He told LGC’s leadership conference on Monday that while a new willingness existed in Whitehall to trust local government, there were limits to the freedoms that councils could expect.
“I had the leader of a unitary say to me that he hoped his government regional office would not be setting any of his targets,” Mr Healey said.
“That shows a failure to understand the relationship between central and local government.”
He added that there were policy areas where the public held central government responsible for performance, and it could not therefore allow councils to decide that these were not priorities.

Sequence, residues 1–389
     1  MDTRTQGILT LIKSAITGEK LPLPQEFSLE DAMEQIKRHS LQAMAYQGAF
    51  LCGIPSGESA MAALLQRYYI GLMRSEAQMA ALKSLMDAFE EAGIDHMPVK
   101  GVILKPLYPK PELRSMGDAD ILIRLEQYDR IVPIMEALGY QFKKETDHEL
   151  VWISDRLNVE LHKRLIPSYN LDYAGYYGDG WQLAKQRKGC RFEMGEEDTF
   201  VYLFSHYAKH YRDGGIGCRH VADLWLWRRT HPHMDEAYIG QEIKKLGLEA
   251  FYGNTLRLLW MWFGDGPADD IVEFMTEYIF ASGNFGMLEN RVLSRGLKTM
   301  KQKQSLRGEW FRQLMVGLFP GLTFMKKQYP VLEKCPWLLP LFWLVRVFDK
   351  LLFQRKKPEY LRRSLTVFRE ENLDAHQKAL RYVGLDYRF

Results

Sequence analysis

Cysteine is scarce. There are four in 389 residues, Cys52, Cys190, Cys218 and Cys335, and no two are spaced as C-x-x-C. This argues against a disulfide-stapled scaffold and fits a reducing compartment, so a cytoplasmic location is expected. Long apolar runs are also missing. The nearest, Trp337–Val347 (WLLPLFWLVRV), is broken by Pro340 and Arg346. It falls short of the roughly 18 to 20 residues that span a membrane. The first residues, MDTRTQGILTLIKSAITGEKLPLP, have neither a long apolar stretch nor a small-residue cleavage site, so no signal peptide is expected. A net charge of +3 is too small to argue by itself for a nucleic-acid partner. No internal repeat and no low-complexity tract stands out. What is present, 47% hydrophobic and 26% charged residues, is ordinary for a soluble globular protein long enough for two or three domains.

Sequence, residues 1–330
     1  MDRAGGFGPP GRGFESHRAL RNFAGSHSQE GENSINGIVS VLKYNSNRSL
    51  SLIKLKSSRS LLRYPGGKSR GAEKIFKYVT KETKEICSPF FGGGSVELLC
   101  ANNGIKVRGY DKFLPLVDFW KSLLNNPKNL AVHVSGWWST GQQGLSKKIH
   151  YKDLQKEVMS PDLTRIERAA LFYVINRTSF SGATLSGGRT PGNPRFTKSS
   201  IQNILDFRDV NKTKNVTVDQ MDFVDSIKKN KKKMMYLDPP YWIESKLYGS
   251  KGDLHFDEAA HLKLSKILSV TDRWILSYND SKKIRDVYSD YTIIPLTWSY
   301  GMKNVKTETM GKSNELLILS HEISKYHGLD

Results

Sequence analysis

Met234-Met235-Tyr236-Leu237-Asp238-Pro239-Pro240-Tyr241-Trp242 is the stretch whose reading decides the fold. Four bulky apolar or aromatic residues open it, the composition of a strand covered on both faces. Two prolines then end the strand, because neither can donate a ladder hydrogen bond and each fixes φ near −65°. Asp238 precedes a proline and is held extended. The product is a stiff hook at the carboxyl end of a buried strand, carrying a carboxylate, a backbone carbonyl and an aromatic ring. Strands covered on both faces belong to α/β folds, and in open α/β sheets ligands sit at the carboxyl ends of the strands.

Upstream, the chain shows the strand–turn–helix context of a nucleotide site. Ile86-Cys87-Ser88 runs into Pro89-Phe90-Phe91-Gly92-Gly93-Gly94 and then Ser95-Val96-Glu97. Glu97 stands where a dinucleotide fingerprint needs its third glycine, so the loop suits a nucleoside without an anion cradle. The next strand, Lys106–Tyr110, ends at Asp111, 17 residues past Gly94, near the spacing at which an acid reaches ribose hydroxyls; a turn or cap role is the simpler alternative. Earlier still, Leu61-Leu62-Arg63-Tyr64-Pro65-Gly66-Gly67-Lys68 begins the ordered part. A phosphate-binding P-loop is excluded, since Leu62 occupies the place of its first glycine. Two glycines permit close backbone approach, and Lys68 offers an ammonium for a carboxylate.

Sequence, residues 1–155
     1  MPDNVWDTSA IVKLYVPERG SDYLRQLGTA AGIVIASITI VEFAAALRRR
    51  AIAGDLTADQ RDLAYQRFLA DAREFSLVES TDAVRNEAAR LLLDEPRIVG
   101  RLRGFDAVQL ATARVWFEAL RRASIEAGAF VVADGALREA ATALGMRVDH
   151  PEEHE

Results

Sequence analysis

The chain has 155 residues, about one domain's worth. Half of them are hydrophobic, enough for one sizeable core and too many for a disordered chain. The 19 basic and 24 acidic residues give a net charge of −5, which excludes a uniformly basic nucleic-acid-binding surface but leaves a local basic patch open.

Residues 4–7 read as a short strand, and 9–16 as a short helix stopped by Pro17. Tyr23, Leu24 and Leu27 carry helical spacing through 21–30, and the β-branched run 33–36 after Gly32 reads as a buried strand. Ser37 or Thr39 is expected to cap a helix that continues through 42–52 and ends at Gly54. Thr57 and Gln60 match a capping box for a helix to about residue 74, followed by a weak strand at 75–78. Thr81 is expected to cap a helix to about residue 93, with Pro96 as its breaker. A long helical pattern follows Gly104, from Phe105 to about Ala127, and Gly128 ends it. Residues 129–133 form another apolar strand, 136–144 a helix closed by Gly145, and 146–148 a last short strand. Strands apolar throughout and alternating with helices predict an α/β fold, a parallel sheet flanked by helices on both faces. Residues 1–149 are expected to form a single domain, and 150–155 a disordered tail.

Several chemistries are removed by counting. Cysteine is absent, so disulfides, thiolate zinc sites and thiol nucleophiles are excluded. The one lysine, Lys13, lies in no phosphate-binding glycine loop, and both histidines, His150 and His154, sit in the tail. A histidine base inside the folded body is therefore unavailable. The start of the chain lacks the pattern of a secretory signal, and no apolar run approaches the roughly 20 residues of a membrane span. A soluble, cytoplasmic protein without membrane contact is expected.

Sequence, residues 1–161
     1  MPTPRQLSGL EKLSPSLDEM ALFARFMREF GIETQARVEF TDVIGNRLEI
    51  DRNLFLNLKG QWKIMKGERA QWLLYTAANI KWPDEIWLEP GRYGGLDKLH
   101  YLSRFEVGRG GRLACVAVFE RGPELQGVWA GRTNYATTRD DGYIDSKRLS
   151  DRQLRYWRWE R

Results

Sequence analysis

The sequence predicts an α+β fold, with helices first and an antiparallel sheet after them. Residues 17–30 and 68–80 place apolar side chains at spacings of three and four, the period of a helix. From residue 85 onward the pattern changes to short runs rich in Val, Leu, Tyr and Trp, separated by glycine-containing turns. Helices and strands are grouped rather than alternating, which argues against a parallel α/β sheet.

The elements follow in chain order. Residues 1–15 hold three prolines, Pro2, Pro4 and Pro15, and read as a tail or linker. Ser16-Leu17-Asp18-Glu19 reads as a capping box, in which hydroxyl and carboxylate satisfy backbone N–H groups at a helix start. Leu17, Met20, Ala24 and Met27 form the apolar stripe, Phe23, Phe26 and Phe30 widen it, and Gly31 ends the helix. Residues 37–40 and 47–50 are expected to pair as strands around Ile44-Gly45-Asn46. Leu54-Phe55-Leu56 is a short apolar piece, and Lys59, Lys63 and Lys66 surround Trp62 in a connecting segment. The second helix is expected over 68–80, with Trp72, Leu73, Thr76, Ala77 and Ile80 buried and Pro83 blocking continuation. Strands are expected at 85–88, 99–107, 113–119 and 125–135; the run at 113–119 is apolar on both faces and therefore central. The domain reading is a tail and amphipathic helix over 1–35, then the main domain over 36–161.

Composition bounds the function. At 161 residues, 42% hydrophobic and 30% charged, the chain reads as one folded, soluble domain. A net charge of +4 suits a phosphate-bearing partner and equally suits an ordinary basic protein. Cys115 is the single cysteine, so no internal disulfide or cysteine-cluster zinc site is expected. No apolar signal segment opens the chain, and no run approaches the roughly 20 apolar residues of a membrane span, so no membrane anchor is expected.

He gave the example of home secretary Jacqui Smith, who, he said “feels people expect central government to ensure high levels of local policing and safety, and that she will be judged
Among the other areas in which central government had a “direct interest in local government playing its part, not doing its own thing” was social care, the minister said.
David Clark, director general of the Society of Local Authority Chief Executives & Senior Managers, said the government needed to clarify its position over the indicators.
“It is time for the government to come clean and outline which are genuinely national targets and which are genuinely local.
“If the government is clear about what its position is, it will give the debate some clarity,” he said.